Swedish Midsummer

What is Midsommar? Shining the spotlight on Swedish Midsummer

Swedish Midsommar is one of the better-known traditions in the region, popular for its traditions of dancing, flowers, and drinking songs. Here’s everything you need to know about Swedish Midsummer. 

Sweden is a special place for many reasons. A visit to this incredible Scandinavian country will bring you face-to-face with beautiful sights, incredible experiences, and wonderful tastes too. 

Of course, perhaps the most compelling part of Sweden is its people, and the unique traditions, heritage, and history they bring to the country. 

Sweden is home to many fantastic celebrations and events taking place all throughout the year. From crayfish parties to winter holidays celebrating Scandinavian gnomes, there’s something for everyone.

What is Swedish Midsummer? Defining Midsommar

Swedish Midsummer, known by the locals as “Midsommar”, is a popular celebration in Scandinavia. As you might expect, it takes part in the midst of Summer, with Midsummer Eve falling on the 25th of June in 2021. 

Midsommar feels a lot like a never-ending outdoor lunch party, where people rediscover their connection with nature, drink schnapps and enjoy plenty of delicious food. 

An event involving dancing around a large pole might seem a bit weird at first, but it’s also one of the oldest traditions celebrated in the country. 

After exhausting and long winters with very little sunlight, Swedes are often keen to celebrate when the summer finally does arrive. Midsommar is widely regarded as one of the most important days of the year, similar to Christmas in other parts of the world.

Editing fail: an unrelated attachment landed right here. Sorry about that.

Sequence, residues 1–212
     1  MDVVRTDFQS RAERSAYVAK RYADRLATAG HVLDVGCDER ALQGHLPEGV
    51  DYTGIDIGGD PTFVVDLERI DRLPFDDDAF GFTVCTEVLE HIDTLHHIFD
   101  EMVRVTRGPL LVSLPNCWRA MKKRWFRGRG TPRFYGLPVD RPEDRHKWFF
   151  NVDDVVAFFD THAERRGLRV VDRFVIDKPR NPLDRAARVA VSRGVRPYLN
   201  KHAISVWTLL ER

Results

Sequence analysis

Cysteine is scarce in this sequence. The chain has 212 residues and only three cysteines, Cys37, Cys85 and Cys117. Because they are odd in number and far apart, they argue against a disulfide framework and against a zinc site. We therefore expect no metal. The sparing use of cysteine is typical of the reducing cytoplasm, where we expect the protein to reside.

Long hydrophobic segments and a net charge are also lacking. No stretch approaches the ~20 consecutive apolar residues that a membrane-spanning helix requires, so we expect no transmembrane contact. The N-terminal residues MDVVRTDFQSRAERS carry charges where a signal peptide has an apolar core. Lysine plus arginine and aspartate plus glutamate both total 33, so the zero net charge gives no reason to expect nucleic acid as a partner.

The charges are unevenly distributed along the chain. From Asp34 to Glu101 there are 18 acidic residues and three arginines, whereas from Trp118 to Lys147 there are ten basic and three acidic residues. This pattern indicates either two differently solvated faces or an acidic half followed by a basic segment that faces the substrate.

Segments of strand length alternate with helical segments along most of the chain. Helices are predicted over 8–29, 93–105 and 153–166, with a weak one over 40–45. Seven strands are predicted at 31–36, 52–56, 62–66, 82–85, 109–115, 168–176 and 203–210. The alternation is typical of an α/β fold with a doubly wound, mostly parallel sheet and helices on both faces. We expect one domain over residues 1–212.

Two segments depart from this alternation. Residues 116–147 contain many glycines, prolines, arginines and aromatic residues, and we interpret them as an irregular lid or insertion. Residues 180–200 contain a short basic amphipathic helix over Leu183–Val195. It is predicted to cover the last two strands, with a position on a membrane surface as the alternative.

Anyone can celebrate Swedish Midsummer, even if you’re not from the country. The most important thing you can do is get outside and enjoy the beauty of nature, just like the Swedes. There are also some fantastic traditions to explore, which we’ll come to in a minute.

Swedish Midsummer

When do they celebrate Midsummer in Sweden?

So, when is Midsummer? 

Originally, Midsommar was celebrated on June 24th, which is also the day of the feast for St John the Baptist. However, most people agree this celebration isn’t as “Christian” as some churches would suggest. 

The Swedes generally prefer to celebrate this occasion at some point towards the middle or late June. 

The answer to “When is Modsommar” depends on the year. Swedes always celebrate Midsummer Eve between the 19th and 26h of June, and some people will often start collecting flowers and making wreaths as soon as the day arrives. 

In 1952, the Swedish Parliament decided Midsummer should always be celebrated on a weekend, so everyone has an opportunity to get involved.

Midsommar explained: The Midsommar festival